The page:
This week’s wild swings on Wall Street mean little to some market players, who look past the huge bounce in stocks and are ready to zero in on the earnings season that kicks off in the second week of January.
The Dow Jones Industrial Average on Wednesday surged a whopping 5 percent, the largest one-day point gain in history. The next day, the 30-stock index pulled off an 870-point reversal in another wild session to close up 260 points. Yet the moves might have little implications as to where the market is headed in the new year due to the lack of activity during the quiet holiday week.
“You don’t want to make too much out of one or two days of market action. You really need to see what the overall fundamental picture looks like. The proof is going to be in the pudding when earnings season kicks off in the second week of January when everybody is back and when companies start to give 2019 numbers,” said Steven DeSanctis, a Jefferies equity strategist.
Lower trading volume in the holiday season could be a reason for the big moves in the market as small orders make bigger impact. While it’s hard to put a concrete finger on the market driver, the ultimate scorecard will come down to companies’ 2019 guidance, which is poised to give the market some direction.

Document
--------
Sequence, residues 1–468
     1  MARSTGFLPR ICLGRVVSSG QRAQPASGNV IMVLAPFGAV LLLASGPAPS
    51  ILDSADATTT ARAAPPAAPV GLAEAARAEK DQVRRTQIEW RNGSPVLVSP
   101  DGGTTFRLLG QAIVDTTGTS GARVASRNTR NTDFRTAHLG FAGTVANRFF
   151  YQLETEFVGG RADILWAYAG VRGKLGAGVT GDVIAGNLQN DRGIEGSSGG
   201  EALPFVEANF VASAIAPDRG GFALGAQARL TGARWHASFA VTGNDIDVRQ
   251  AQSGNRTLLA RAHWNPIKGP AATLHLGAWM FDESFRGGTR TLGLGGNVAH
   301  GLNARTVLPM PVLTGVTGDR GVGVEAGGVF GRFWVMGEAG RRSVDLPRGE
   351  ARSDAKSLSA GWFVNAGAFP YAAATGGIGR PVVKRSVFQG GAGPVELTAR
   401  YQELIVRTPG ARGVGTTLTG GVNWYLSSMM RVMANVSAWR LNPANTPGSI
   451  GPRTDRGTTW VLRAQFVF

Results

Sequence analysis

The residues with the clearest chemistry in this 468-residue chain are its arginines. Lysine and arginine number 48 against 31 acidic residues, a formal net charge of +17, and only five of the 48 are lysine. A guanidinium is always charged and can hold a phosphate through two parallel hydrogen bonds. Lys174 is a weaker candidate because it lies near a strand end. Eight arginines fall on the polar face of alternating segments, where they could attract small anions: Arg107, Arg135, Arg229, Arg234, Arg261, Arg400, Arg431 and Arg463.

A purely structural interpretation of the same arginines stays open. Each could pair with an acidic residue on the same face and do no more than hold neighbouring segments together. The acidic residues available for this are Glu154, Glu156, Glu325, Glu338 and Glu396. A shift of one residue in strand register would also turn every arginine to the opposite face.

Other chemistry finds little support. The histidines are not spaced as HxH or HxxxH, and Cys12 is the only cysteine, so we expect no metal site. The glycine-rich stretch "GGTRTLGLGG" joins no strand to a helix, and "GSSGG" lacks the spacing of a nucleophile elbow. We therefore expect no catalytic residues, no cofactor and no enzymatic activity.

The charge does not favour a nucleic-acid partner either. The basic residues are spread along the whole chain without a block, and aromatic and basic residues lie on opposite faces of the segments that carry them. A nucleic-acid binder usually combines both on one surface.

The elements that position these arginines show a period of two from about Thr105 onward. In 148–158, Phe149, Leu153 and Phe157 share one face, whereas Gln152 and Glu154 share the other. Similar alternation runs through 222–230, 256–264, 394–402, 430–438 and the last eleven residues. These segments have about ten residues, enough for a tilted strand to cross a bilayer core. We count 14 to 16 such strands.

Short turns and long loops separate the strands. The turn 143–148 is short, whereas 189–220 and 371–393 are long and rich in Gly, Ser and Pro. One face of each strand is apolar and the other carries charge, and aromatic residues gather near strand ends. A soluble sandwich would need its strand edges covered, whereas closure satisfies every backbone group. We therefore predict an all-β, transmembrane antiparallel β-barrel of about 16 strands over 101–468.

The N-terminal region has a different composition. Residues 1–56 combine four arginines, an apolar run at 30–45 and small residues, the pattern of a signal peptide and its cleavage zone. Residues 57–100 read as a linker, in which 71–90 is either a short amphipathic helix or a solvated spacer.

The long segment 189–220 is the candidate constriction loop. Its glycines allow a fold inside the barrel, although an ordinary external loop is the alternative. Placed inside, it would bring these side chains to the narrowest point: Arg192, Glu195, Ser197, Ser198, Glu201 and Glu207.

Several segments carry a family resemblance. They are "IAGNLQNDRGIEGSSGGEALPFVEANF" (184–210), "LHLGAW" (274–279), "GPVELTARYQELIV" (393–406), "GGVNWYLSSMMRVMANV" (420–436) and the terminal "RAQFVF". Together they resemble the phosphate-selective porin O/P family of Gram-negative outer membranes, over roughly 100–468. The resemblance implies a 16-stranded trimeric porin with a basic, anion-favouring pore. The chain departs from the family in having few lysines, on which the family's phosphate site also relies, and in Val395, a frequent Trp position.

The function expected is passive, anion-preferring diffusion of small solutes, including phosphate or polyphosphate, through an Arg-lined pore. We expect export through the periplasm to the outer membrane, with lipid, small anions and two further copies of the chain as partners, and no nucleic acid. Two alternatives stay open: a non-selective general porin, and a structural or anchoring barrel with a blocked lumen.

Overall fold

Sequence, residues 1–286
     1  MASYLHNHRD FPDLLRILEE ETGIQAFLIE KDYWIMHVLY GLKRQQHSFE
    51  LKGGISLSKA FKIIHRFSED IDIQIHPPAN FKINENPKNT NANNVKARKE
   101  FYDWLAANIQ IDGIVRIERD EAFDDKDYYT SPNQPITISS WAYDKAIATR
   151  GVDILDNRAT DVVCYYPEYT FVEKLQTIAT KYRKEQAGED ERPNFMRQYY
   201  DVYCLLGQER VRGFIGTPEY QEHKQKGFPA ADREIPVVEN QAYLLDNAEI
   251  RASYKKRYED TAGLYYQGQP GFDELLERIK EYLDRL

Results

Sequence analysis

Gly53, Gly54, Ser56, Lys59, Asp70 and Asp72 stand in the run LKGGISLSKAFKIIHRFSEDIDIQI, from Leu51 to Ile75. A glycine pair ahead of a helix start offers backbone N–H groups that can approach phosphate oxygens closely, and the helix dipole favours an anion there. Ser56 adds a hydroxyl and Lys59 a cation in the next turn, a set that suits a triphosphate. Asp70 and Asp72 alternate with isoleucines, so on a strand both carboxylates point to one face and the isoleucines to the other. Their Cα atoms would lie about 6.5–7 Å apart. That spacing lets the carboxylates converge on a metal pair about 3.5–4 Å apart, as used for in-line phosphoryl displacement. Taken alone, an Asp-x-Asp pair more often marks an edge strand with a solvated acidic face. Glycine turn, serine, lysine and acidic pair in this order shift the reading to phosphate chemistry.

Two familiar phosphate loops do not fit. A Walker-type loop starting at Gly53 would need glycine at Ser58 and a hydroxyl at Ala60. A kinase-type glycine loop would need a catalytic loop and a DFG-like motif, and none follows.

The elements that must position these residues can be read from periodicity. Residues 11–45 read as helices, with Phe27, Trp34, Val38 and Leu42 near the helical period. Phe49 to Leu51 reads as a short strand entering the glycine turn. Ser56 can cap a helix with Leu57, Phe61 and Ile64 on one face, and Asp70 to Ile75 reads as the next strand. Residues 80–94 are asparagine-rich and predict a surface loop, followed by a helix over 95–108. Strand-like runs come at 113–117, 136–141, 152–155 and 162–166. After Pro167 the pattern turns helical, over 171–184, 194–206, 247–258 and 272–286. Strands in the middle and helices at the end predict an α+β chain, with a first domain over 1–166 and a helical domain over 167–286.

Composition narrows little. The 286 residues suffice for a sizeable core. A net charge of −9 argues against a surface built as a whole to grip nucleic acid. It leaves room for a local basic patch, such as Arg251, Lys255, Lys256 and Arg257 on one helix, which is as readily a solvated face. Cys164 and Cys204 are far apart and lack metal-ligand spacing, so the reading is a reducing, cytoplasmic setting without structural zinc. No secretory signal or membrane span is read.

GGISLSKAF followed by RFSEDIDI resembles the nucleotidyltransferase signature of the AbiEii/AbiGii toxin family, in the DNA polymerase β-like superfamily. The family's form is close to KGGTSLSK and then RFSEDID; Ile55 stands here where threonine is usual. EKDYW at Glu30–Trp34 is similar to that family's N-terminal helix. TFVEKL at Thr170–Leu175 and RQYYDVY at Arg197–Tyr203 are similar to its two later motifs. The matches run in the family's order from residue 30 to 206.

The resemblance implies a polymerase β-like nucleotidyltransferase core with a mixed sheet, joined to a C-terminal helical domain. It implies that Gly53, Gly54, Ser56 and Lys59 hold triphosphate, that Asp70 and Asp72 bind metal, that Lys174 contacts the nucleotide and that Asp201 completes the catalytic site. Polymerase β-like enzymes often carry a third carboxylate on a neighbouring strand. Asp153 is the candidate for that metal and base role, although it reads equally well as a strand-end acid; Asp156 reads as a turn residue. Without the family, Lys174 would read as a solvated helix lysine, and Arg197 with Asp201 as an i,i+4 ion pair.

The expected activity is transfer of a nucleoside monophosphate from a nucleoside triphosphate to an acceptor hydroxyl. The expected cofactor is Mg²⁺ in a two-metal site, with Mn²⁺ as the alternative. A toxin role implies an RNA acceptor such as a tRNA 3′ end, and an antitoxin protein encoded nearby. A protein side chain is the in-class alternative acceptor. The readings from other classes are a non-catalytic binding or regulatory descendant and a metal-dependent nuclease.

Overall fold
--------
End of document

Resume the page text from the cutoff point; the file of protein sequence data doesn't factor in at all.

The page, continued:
Earnings season begins Jan. 14 when the big Wall Street banks start reporting.
“It’s difficult to make any real concrete assumptions both down and up. There’s not a lot of news coming around with regards to the markets. For us, we are really going to pay attention to what 2019 outlooks mean for consensus estimates,” said Jeremy Bryan, portfolio manager at Gradient Investments.
Wall Street analysts are already slashing their earnings estimates for 2019 to just single-digit growth, a big slowdown from the record 21 percent earnings growth expected when 2018 is all said and done, according to FactSet.
“Expectations have come down pretty dramatically at this point. With that, you have got a pretty low bar to hop over. The guidance companies give is going to be around what the tariffs are going to be and what the impact of Washington is going to be,” DeSanctis said.
The market may already be pricing in the lower expectations as evidenced by a severe drop in valuation. The forward price-earnings ratio for the S&P 500 fell to 14.62 on Friday, the lowest level since October 2014.
“I don’t think 2019 outlooks are going to charge the market straight up. I don’t think they are going to be significant above where the sell side is right now. Valuations have taken a pretty significant hit recently, so is that already priced in — that’s what will be the big determinant,” Bryan added.